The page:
Pretty the game is, though, there is no doubt about that. Personal taste might affect how much one likes the yellowish tint everything has but I found no fault in it, nor in the general art style. Though I do wonder the meaning behind the single white room in the game. It made me think of 2001: A Space Odyssey, and apparently I was not the only one. My quick search did not reveal anything definitive, however, so I guess the meaning shall remain a mystery.
DX:HR has grainy skies, too. A pretty common thing for games for whatever reason, I have found. It was not that bad, though, and often a lighting effect conveniently covered the graininess. Otherwise the game is gorgeous.
As a bonus, you frequently get to see your character, Adam Jensen, when you a hug a cover and the camera moves into third person. I very much liked this feature, even if it felt bit like cheating compared to the other two games to have such thing aiding with one's sneaking. For stealth purposes it is indeed very useful; for combat not so much. You can shoot from cover but I found it bit too clunky compared to Mass Effect 3, and did not use it for that.
Then, after many attempts, I realized maybe I should try the remote-detonated explosives given by The Explosive Mission Pack DLC. I started the fight, hugged the waist-high cover in front of me, threw four of the explosives to the boss's feet, detonated them, and it was all over in less than ten seconds.
The two DLCs were originally pre-order bonuses (and which one you got, depended on where you bought the game) and received their share of criticism. I bought them mostly for the silenced sniper rifle, which I liked in the previous two games. Having it available only as a pre-order bonus/DLC is blatant money-grubbing, though.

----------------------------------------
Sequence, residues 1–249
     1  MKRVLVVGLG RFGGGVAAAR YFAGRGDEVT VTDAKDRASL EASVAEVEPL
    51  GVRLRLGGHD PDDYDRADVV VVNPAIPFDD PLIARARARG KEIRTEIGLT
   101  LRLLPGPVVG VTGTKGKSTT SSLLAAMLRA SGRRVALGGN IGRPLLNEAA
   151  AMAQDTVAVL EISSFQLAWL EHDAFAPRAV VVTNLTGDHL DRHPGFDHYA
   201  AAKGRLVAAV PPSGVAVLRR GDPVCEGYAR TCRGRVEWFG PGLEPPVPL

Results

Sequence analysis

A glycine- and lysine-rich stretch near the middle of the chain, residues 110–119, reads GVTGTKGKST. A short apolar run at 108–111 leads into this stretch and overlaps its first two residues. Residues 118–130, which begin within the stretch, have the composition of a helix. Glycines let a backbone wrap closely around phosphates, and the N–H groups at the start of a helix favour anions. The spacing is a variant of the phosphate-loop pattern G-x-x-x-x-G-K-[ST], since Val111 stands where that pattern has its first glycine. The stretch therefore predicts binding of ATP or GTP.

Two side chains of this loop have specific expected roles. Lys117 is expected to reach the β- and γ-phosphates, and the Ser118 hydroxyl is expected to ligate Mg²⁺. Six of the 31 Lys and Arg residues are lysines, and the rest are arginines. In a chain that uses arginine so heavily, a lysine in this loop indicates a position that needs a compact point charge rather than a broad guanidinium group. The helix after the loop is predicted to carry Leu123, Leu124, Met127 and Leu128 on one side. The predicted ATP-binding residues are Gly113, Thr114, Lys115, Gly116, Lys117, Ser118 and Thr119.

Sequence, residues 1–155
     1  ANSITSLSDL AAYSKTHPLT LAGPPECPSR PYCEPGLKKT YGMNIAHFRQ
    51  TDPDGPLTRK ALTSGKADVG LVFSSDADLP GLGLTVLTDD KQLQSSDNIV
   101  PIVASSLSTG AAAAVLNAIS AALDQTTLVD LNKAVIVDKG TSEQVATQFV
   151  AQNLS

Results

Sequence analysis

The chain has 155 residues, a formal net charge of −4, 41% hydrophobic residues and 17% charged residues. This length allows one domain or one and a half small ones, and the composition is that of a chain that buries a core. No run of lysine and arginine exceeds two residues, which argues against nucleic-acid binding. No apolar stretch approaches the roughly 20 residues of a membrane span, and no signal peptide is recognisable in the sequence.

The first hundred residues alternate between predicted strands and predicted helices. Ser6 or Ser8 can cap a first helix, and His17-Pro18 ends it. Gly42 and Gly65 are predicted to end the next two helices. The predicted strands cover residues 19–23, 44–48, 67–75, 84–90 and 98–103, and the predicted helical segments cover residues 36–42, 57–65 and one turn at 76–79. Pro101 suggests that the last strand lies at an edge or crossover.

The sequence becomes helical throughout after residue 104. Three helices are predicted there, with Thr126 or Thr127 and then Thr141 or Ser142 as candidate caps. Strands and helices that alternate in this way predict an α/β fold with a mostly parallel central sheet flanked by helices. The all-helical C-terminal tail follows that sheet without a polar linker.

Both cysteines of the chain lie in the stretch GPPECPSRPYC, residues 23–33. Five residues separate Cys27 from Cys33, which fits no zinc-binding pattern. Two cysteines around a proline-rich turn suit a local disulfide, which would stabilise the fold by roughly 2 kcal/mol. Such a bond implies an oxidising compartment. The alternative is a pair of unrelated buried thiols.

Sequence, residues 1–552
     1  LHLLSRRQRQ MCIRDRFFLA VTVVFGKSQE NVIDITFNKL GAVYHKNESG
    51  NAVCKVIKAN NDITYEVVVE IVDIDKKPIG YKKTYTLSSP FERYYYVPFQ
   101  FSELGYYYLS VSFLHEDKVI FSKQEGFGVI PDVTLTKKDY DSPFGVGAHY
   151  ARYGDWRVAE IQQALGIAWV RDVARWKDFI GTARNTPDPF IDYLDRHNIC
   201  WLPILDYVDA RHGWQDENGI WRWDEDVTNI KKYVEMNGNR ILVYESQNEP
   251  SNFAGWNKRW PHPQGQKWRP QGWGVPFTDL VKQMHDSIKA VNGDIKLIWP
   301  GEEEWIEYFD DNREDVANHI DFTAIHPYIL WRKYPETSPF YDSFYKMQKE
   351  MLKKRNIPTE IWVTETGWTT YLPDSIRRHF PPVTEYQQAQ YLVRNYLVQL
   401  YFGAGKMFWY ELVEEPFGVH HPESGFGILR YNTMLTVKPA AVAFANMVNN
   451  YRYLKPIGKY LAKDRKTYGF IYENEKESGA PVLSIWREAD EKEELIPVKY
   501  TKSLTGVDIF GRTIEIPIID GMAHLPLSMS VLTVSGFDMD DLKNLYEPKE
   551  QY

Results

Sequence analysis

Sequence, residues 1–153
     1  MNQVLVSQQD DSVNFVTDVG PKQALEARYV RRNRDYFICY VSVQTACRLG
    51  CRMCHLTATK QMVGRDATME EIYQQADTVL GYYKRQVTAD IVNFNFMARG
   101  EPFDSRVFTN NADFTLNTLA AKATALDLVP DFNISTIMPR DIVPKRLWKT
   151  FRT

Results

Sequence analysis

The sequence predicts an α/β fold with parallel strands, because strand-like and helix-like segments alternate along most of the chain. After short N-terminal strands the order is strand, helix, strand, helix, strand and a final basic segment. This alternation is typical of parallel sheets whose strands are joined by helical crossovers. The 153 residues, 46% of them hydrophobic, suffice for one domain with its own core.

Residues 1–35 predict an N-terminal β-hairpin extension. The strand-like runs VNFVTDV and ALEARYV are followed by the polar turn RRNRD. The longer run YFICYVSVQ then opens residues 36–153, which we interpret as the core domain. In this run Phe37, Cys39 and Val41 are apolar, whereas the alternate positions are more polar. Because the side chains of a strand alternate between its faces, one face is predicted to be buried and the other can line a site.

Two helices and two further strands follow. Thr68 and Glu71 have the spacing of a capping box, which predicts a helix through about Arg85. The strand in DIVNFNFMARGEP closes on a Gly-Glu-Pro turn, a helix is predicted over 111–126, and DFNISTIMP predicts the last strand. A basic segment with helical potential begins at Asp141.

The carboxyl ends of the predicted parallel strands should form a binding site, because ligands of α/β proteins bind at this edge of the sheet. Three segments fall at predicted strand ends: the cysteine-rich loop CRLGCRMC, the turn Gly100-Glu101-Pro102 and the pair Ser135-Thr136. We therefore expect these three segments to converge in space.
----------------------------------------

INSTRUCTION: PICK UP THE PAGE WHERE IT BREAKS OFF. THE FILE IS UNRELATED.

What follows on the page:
The 10k credits from The Tactical Enhancement Pack did not greatly affect my playthrough, although the idea of buying DLC to make a game easier surely is dumb. But the credits merely meant I could buy two praxis kits right away and for the rest of the game I just had 10k extra cash with nothing to spend it on. And two praxis points hardly made a difference. In fact, most of the game I sat on quite a few unused points, waiting to meet an obstacle that required an augment or two.
Regardless, I was glad to return to the main game and to have access to all the tools again. I think the most important augmentations one should take are the ones that allow you to get to places; hacking, improved jumping etc. The defensive passive will aid in the boss fights as well. The rest are pretty much optional in my opinion, even the social enhancer, although I guess I cannot really say if it has its uses as I never took it. I did, however, beat all the dialogue challenges on my first try. Such a cool feature those.
The fact of the matter is that such interface design works fine with the keyboard too. Developers just do not tend to optimize their games for it. Like in DX:HR, instead of clicking the small arrows to navigate the store, you can instead use the arrow keys and Enter for buying and selling. But why not have WASD and Space do it? Your left hand is already on them. And it is not like you are moving your character when shopping or talking to someone.
If you have played the two other games, Deus Ex: Human Revolution will instantly give you a sense of familiarity. The themes and factions are pretty much the same and you can see where things are going. The soundtrack is not by Alexander Brandon this time, but Michael McCann's fine compositions have no trouble what-so-ever in fitting in the setting.
A whole lot of minor flaws can be pointed out from Deus Ex: Human Revolution but they hardly affect how good the game is. And what a great game it is! Easily one of the best I have ever played. A very rewarding experience with awesome gameplay and story, good characters and room to choose how to approach your tasks. In fact, I have huge trouble resisting the urge to start a new playthrough right now to try all the things I didn't get to use on my first, 50 hours (+8 for The Missing Link) lasting playthrough.